Notes for Potential Hikers
Our 2020 trip was a variation on a similar walk we took in late November of 2005; both routes are shown on the CalTopo map.
In 2005, instead of starting the hike from our home, we got a ride to the Rhus Ridge trailhead in Rancho San Antonio Open Space Preserve, and at the end of the trip we got a ride home from Palo Alto’s Arastradero Preserve. On this trip we found walking through the urban areas to be quite satisfying; very little of it was on busy streets, the walk passes through several parks, and it makes use of the extensive Los Altos urban trail network.
Although we did not do this on our walk, from the Caltrain station it is only a few extra miles to walk over and start at the San Francisco Bay. One possible Bay-to-Sea route alternate is included in the Caltopo map.
The CalTopo map shows three routes that connect the Skyline ridge to Big Basin Redwoods State Park:
- The Skyline-to-the-Sea (StS) Trail is the most popular and well known, but is the least enjoyable because some sections are too close to Highway 9 and the noise from cars and racing motorcycles is annoying, particularly on weekends. It starts at Skyline Boulevard near Saratoga Gap.
- A second route from the Skyline ridge to the sea follows the Slate Creek Trail and Ward Road, passing through Pescadero Creek County Park and Portola State Park. This is scenic and quiet.
- Finally, the Toll Road is roughly parallel to and on the other side of Highway 9 from the StS Trail. Compared to the StS trail, the Toll Road Trail is much quieter, has far fewer users, is similarly well maintained, and is a very nice walk. This option also starts and ends at Saratoga Gap.
On our 2005 hike we hiked to the coast via the Toll Road and returned via the Slate Creek/Ward Road route. This year, some sections of the Slate Creek/Ward Road route were closed due to COVID and in order to respect that closure we followed the StS instead. This route through Pescadero County Park is quieter and is also a bit more satisfying than our 2020 hike because it forms a true loop with no repeated segment. In summary, combining the Toll Road with the Slate Creek option creates a fine loop that avoids the noisy StS.
The only downside to the 2005 variant is walking a few miles of coastal Highway 1, but if the tide is down, a lot of that can be done on the beach instead of the pavement. The road has a lot of traffic on weekends, but is not bad the rest of the time. To avoid walking along Highway 1, one could also take the Westridge Trail from the Waddell Creek Ranger Station up to Chalk Mountain and rejoin the 2005 route.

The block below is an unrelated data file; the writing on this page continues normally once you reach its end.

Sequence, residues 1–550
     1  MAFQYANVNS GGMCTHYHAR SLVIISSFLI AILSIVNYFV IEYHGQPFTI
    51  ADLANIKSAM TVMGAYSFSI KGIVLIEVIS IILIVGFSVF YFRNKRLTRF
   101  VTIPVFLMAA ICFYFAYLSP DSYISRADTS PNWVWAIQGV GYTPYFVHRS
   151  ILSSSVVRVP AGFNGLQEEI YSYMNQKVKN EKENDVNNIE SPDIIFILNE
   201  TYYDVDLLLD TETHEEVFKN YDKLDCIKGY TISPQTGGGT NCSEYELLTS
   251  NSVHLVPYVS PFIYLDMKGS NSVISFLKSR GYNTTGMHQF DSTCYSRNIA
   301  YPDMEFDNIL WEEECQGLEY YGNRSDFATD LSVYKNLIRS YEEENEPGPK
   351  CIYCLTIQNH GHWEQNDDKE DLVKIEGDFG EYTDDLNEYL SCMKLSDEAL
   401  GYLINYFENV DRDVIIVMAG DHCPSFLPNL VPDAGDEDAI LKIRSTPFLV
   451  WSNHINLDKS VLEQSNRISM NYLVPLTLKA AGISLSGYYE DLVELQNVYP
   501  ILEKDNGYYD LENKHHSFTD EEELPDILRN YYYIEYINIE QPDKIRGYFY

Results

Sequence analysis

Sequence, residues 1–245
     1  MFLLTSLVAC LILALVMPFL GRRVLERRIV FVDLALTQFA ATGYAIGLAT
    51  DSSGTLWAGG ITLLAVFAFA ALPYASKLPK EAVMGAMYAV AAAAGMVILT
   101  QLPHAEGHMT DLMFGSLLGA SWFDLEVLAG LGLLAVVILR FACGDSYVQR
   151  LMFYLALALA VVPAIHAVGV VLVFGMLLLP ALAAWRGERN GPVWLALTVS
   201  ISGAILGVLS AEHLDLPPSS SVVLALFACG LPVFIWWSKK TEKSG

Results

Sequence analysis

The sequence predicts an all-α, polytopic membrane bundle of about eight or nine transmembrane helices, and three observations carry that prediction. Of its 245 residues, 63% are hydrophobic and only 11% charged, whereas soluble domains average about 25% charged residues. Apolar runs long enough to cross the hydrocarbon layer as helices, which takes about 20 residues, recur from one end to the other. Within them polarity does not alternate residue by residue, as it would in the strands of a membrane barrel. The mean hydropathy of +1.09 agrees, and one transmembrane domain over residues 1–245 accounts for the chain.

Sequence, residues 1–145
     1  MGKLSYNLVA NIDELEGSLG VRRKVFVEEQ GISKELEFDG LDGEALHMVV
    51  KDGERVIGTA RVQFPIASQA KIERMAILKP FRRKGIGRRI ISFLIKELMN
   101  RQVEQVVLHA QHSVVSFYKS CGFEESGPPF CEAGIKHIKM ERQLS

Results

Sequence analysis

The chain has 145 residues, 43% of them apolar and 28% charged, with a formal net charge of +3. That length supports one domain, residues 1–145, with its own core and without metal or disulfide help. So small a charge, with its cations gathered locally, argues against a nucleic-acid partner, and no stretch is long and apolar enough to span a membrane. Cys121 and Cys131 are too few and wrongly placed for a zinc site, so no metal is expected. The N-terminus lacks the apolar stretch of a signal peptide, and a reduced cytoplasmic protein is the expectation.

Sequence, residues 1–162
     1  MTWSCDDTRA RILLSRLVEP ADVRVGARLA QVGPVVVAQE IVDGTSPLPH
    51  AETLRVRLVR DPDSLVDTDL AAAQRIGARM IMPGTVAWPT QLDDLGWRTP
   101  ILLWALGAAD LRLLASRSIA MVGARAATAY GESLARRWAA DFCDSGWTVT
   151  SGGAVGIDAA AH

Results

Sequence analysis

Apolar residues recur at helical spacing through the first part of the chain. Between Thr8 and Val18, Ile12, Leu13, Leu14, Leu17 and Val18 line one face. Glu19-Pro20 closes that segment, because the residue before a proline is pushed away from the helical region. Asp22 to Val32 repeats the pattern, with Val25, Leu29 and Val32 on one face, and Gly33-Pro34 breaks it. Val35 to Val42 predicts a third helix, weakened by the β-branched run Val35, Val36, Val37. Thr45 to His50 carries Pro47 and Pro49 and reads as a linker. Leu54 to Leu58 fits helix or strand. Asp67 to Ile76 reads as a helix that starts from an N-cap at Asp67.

There is no overnight parking available at the trailheads on the bay side. It is apparently possible to arrange overnight parking at the Waddell Creek Ranger Station on the ocean side, so you could do the walk in reverse: start at the coast and go up and over Skyline Ridge and down to the Bay side and then return.
An easier solution is to take Caltrain to the San Antonio Station and start and finish your hike there. It is possible to reach the Caltrain station using mass transit from almost anywhere in the Bay Area. We live reasonably close to the station and so we simply started walking from our house.
We chose to stealth camp instead of using the various public campsites along the way. We prefer the solitude of stealth camping, and the ability to stop walking when it suits us. However, it is against regulations in all of the park jurisdictions, so if you choose this option, you do so at your own risk and must follow all stealth camping protocols. In particular, the use of fires, stoves, or matches is completely unacceptable when stealth camping.
Finding good stealth sites was usually not an issue, although there are stretches of the route where camping is impossible due to steep terrain and heavy undergrowth. Although we have never tried it, using hammocks might be an effective solution for making a camp on this walk.
If you choose to use the official sites, you will have to follow a predetermined schedule and make the required reservations with a variety of state and local agencies prior to starting the walk. You cannot legally use the backcountry sites on a walk-in basis.
Once you leave the lowland suburbs, the only food you can buy on route is at the tiny shop at Big Basin Headquarters. Selection is extremely limited so don’t depend on this shop to fill out your pack. On the 2020 route, you will pass several large grocery stores and many restaurants while walking through Palo Alto, Mountain View and Los Altos.
Our CalTopo map identifies a number of water sources found along the way. The natural sources we have marked are generally reliable year round, although in a serious drought year, some of them may dry up. There would be numerous additional sources if hiking during the rainy season. Most of these sources are streams and the water should be treated before use.
On our June 2020 walk, once we crossed Skyline Ridge we had surprisingly large numbers of mosquitoes at our campsites. They were not an issue when walking, but if we stopped for too long, we were swarmed. Once we reached our campsites we set up the tent and quickly retreated inside, protected by the netting.
We had no insect issues during our November 2005 walk, nor on any of numerous other day and overnight hikes in these hills. We do not know know the timing the mosquito season.